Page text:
Q&A with Keren Leibovitch

Jewish + Female = Athlete : Portraits of Strength from Around the World 

Questions & Answers*

Emily Jacobson | Sada Jacobson | Daniela Krukower | Keren Leibovitch | Hagit Oz | Jillian Schwartz | Back to Calendar

Keren Leibovitch

How did you start swimming as a little girl?
I’ve been swimming ever since I was two. I really loved the water. Started swimming professionally when I was 12. I didn’t compete, but I trained professionally. Only after my injury did I start competing. Why? Partially because I was injured. I had to examine the limitations of my body after the injury. That was the first motivation, the initiative. Now it’s not the main motive. Now I swim mainly because I love swimming.

How were you injured?
I was carrying a very heavy load and my back practically broke. It was during officer’s training. I was in training to become an officer and I was injured. I was 18 and a half. Going on 19.

What are you studying?

I’m a motivational speaker, studying philosophy. All forms of philosophy, trying to orientate myself toward feministic philosophy.

What are you reading now?
Descarte, because I have an exam. Spinoza. Simone de Beauvoir.

How does it feel to be the first Paralympic athlete in Israel to have her own sponsor? How did that come about?
There are not yet others. Hopefully it will get better. Pledges haven’t yet come through. They’ve made the first move though. The Minister of Education came to Athens and talked to us, gave us monetary awards for achievements in the Olympics. But they were only for one medal per winner. Even if they won for more than one. It’s only half of what abled bodies get. It’s better than what it was, because it was nothing. At Sydney it was nothing.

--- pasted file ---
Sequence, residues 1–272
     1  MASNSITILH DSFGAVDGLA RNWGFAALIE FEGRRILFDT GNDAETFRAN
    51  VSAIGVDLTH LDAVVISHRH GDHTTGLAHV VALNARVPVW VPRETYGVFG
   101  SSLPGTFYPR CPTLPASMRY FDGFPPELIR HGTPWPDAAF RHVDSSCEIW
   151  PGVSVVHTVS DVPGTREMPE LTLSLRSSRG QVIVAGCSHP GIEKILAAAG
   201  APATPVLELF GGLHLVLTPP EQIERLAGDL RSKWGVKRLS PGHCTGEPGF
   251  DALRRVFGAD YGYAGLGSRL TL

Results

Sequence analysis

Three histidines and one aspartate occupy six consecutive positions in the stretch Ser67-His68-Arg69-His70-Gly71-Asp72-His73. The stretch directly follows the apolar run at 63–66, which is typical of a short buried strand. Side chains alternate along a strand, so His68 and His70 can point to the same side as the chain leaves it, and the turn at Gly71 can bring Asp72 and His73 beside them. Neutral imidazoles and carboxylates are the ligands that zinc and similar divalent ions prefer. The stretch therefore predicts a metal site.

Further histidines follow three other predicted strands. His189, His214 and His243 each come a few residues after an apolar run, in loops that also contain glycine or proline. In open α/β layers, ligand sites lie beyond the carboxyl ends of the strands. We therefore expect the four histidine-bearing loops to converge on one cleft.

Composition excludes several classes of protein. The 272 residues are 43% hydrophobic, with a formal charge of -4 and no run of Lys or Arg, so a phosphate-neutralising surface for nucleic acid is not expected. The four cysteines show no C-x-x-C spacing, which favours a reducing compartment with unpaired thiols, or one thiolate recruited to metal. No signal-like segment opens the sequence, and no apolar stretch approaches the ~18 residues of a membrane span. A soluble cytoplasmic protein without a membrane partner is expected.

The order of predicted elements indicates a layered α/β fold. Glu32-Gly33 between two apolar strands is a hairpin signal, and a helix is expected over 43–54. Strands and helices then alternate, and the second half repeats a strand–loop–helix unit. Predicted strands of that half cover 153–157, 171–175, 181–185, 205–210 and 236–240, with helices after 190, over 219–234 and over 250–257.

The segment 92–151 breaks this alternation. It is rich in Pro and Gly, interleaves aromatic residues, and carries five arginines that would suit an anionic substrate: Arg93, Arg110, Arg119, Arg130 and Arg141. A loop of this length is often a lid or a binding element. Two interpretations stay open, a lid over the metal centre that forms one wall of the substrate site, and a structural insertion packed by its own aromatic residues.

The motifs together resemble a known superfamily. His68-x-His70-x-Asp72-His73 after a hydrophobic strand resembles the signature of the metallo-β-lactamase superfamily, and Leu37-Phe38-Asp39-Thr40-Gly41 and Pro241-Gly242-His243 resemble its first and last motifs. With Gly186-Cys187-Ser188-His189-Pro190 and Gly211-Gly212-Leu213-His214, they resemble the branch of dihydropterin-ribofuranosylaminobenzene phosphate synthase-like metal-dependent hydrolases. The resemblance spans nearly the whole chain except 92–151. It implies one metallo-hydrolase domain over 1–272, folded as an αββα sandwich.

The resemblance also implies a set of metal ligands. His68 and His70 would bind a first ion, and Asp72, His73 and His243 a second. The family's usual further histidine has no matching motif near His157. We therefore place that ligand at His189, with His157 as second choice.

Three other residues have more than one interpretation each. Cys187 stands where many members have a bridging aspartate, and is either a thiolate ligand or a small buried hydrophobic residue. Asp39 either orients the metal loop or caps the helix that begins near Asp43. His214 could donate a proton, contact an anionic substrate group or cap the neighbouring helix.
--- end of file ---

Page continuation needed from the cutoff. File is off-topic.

I do feel I have a part in the fact that there is a bit more quality in the way the government looks at disabled sports in Israel. The government and public as well. How? By not letting it out of the public eye. By saying it out loud to the media, TV, papers, to everyone. I’m not afraid to speak up. I don’t feel like I’m worth any less because I’m disabled. I don’t feel my achievements are any lesser because I’m disabled. My belief resonates to other people who listen to me.

Where does your determination and courage come from?
Hope. Home. My mother and grandmother. They brought me up that way. My mom brought us up on her own; my parents were divorced when I was six. My grandmother helped her, but my dad wasn’t involved. Twenty-five years ago it wasn’t that casual for a woman to bring up her children by herself. She taught me to fend for yourself and speak up for what you want, and be able to get your way.

What’s your favorite event?

100 back – that’s my event. I am a backstroker. I really enjoy the 200 IM, but I am a backstroker. My shoulders like it, my back likes it. My body is designed to swim backstroke. My positioning in the water. The way I feel in the water doing backstroke is better than when I do any other stroke.

What’s Beit Halochem in Tel Aviv?
It’s the town disabled club. The center where they have sports center, physical therapy and events. It’s a great place. When I started rehab after my injury it felt like home right away. Beit is home. Halochem, the warriors, of the disabled during the war.

What does your training schedule look like?
On a post-Olympic year, I only train once a day. It’s more hectic as Olympic Games come closer: Twice a day in the water, three times a day in the gym. Or once a day in the water and twice a day in the gym. There are the World Championships in 2006 and the European Championships in 2007. I’m aiming myself toward Beijing. Not sure about the Championships. Will base it on how my coach and I feel.